How to Cure Fin Rot on a Fantail

Written by alex burgess Google
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How to Cure Fin Rot on a Fantail
Fantail goldfish are susceptible to fin rot when tank water quality is bad. (Jupiterimages/Photos.com/Getty Images)

Fantail goldfish can develop fin rot when their immune system is under pressure from an injury, poor water conditions, stress from a new environment or antisocial tank mates. Aeromonas and pseudomonas bacteria occur naturally in most fish tanks and cause no problems when dormant, but they can trigger fin rot in a fish with lowered immunity. If your fantail shows symptoms of fin rot, partially change the tank water to rapidly improve water quality, then treat the water with commercial fin-rot medication.

Skill level:
Easy

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Things you need

  • Bucket
  • Water dechlorinator
  • Commercial fin-rot treatment solution

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Instructions

  1. 1

    Diagnose your fantail's condition accurately before starting treatment. Fin-rot symptoms include fraying and white-edged splits along the fins. There may also be bloody streaks in the soft tissue at the base of the fantail's fins. Fighting-related injuries and lesions can develop into fin rot if your fish tank water is unhealthy from lack of proper maintenance.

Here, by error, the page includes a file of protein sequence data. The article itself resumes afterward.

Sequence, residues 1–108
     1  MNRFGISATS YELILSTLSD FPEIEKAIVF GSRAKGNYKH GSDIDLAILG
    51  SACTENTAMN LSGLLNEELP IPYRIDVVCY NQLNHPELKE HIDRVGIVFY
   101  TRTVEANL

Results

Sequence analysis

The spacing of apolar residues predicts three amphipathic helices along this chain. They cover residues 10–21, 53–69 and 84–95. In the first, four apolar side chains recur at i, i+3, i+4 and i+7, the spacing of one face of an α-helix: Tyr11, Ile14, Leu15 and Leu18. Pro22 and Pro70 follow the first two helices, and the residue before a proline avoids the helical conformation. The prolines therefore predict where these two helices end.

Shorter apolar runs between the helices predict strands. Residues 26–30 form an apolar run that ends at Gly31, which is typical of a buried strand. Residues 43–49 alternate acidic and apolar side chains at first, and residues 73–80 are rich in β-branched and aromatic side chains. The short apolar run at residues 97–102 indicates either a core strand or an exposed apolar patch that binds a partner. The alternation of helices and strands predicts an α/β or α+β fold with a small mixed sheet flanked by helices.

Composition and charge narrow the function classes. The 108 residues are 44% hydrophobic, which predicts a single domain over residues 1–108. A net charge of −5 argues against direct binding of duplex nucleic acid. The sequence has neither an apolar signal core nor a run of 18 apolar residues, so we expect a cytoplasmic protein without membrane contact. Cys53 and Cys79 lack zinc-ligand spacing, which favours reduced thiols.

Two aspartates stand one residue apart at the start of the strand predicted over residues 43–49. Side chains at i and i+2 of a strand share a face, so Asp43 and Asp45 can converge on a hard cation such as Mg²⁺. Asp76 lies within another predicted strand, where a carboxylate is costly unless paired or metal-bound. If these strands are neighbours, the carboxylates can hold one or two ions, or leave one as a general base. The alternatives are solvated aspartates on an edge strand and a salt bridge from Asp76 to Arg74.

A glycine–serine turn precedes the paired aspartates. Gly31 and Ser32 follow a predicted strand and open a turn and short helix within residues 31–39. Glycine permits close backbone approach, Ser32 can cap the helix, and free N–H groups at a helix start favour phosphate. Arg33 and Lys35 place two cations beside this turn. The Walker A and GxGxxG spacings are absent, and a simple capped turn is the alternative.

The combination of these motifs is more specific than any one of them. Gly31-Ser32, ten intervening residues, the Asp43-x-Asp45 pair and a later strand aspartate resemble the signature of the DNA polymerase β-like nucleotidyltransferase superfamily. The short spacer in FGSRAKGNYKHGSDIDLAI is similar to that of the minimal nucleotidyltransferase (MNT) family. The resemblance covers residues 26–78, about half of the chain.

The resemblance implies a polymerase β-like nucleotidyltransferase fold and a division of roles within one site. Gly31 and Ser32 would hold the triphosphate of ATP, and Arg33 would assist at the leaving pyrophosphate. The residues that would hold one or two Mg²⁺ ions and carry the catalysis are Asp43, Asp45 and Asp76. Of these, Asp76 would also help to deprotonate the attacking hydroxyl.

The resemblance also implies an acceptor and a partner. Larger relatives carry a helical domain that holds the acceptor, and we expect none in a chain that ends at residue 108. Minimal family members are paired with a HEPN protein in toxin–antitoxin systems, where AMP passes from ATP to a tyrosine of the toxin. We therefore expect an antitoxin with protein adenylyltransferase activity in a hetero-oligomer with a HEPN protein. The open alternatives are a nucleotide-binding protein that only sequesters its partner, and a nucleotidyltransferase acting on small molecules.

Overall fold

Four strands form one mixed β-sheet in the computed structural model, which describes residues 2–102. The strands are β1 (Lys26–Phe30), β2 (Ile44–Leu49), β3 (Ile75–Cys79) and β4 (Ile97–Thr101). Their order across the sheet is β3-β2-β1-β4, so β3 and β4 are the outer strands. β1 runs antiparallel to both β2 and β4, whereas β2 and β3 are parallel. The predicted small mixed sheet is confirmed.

2. 2

    Remove about half the fish tank's water. Prepare fresh water in a bucket and include a dose of dechlorinator to neutralise chlorine and chloramine deposits from tap water. Many commercial dechlorinators also contain an anti-stress ingredient and a solution to enhance your fish's natural slime-coat layer to help protect against disease.

  3. 3

    Read the manufacturer's guidelines on the fin-rot solution and add the required amount of medication to the new water. Pour the treated water into your fish tank.

  4. 4

    Complete the course of fin-rot medication following the dosage instructions on the bottle. Change 30 to 50 per cent of your tank water approximately twice a week until your fantail shows signs of improvement.

Tips and warnings

  • Dirty water encourages fin rot in vulnerable fish. Changing half of the tank's water every three or four days for a couple of weeks should cure the problem and prevent a recurrence.

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